Vincent Van Gogh, the legendary Dutch painter has drawn a handful of memorable paintings in his life, and even after 128 years of his death, his works remain the hottest pick among art lovers. 'Olive Trees' is one of the most acclaimed works of the artist, and now, researchers have figured out one unknown peculiarity associated with this painting. Experts from the Nelson-Atkins Museum of Art in Kansas City have discovered a small grasshopper with missing abdomen and thorax in the bottom left corner of the painting.
A spectacular discovery after 128 years
The new discovery has literally perplexed the researchers as it went unnoticed for more than 128 years after it got painted. The grasshopper was spotted by the curators during a cataloging project. It was Mary Schafer, the painting conservator who first spotted the grasshopper remnants. As Chafer looked through a magnifying glass, she found an anomaly and initially thought that it was a leaf. But later, the researchers came to know that it is a grasshopper's dead remnants.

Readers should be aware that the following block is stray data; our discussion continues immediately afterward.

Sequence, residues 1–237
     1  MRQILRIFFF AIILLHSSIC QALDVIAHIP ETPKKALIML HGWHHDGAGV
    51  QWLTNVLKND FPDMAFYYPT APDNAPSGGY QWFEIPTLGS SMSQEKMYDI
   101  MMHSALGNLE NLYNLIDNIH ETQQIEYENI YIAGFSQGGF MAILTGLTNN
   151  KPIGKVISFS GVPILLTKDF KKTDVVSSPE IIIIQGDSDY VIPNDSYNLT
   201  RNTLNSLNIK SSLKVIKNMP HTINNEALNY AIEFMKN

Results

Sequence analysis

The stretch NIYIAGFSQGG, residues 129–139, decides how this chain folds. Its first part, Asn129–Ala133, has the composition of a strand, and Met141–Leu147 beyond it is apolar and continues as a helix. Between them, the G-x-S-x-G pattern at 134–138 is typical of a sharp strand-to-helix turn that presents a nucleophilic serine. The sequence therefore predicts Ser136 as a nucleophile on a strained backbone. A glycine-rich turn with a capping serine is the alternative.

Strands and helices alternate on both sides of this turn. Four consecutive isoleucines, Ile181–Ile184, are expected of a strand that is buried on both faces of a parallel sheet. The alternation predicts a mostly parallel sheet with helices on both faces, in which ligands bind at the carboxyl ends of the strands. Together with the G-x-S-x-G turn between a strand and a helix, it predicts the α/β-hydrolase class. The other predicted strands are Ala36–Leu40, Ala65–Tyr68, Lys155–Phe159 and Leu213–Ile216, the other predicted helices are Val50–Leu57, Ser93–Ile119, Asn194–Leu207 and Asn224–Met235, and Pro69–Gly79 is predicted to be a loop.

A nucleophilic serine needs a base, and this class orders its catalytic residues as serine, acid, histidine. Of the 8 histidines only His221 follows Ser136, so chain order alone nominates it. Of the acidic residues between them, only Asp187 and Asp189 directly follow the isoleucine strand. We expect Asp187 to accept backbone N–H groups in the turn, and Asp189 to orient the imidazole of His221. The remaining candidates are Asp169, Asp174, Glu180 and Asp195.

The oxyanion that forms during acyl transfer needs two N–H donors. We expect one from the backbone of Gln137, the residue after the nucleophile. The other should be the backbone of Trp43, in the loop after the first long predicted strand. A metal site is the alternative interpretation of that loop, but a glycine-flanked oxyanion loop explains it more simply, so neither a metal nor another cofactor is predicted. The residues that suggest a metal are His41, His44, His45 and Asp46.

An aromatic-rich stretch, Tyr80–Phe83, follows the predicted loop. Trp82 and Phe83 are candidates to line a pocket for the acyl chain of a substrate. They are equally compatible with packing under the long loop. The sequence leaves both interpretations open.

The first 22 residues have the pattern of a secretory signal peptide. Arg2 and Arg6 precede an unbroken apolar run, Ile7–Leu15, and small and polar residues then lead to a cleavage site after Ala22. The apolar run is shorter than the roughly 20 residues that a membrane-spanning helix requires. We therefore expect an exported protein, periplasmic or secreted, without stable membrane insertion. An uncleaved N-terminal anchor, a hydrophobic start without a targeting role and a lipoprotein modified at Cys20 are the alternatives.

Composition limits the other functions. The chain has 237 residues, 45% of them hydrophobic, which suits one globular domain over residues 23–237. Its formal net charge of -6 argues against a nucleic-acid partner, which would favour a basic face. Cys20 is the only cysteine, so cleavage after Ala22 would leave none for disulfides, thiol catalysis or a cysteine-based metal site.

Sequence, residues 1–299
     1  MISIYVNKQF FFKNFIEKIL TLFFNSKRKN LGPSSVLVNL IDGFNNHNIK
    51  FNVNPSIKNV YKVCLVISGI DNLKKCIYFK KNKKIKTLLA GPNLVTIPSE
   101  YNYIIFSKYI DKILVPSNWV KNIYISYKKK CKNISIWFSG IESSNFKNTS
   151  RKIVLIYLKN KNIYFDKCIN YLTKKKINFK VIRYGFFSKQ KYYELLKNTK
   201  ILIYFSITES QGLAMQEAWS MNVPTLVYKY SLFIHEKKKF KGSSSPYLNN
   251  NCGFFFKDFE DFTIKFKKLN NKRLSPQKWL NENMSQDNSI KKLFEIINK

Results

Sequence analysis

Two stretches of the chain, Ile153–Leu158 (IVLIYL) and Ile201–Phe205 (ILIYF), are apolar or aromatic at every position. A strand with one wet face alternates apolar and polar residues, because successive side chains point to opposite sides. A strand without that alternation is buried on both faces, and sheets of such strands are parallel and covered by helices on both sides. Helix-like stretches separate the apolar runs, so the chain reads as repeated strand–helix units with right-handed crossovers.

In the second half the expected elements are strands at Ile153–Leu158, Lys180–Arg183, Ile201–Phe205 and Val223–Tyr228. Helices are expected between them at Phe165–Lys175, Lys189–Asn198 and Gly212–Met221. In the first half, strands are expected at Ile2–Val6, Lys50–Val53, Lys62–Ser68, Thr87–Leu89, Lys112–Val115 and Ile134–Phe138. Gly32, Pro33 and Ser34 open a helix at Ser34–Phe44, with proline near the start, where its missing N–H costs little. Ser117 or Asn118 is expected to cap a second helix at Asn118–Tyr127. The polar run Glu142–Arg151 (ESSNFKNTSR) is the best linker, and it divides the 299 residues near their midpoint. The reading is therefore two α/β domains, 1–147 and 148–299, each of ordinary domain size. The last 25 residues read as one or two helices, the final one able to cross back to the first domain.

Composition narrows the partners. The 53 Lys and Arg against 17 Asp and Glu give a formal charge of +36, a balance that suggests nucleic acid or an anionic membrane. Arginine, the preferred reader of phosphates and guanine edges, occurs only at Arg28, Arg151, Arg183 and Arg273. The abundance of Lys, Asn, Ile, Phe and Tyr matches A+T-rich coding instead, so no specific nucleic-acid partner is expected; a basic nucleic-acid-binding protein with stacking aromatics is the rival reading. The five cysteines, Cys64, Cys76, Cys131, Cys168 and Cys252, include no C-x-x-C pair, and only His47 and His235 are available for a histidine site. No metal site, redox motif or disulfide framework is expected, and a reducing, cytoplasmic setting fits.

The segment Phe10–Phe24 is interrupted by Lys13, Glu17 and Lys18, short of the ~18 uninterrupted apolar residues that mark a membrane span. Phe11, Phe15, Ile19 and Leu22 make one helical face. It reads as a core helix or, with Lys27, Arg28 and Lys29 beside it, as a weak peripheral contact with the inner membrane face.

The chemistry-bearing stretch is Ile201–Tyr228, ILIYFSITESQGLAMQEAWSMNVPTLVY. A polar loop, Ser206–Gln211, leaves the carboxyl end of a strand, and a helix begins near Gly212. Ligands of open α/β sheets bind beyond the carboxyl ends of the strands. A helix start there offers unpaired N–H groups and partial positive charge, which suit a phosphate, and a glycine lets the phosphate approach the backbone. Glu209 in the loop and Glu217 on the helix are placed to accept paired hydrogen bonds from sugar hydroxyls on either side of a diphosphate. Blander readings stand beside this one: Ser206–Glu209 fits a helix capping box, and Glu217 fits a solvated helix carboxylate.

Van Gogh's habit of painting outside
Van Gogh was an artist who was very much fond of painting outdoors, and experts believe that the critter might have accidentally landed on the canvas during the time of painting. The researchers also claim that the critter would have been probably dead when it landed the canvas.
"Van Gogh worked outside in the elements. And we know that he ... dealt with wind and dust, grass and trees, flies and grasshoppers," said Julián Zugazagoitia, the Art Director in the Nelson-Atkins Museum.
According to Schafer, it is not unusual to find this kind of material in paintings but the grasshopper discovery is crucial as it connects viewers with the painting style of Van Gogh and the season in which he drew the painting.
Researchers are now aiming to figure out the original appearance of 'Olive Trees' when it was painted in 1889.